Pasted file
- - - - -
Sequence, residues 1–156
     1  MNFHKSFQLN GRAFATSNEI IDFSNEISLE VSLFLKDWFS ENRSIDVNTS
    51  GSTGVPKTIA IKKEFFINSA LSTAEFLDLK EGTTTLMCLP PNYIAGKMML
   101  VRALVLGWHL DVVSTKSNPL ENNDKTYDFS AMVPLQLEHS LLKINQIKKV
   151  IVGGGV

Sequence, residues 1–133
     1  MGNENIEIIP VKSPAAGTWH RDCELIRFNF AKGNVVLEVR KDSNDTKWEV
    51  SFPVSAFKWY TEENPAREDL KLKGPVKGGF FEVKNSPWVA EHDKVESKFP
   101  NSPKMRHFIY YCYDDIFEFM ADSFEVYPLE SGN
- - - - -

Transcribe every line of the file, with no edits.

Sequence, residues 1–156
     1  MNFHKSFQLN GRAFATSNEI IDFSNEISLE VSLFLKDWFS ENRSIDVNTS
    51  GSTGVPKTIA IKKEFFINSA LSTAEFLDLK EGTTTLMCLP PNYIAGKMML
   101  VRALVLGWHL DVVSTKSNPL ENNDKTYDFS AMVPLQLEHS LLKINQIKKV
   151  IVGGGV

Sequence, residues 1–133
     1  MGNENIEIIP VKSPAAGTWH RDCELIRFNF AKGNVVLEVR KDSNDTKWEV
    51  SFPVSAFKWY TEENPAREDL KLKGPVKGGF FEVKNSPWVA EHDKVESKFP
   101  NSPKMRHFIY YCYDDIFEFM ADSFEVYPLE SGN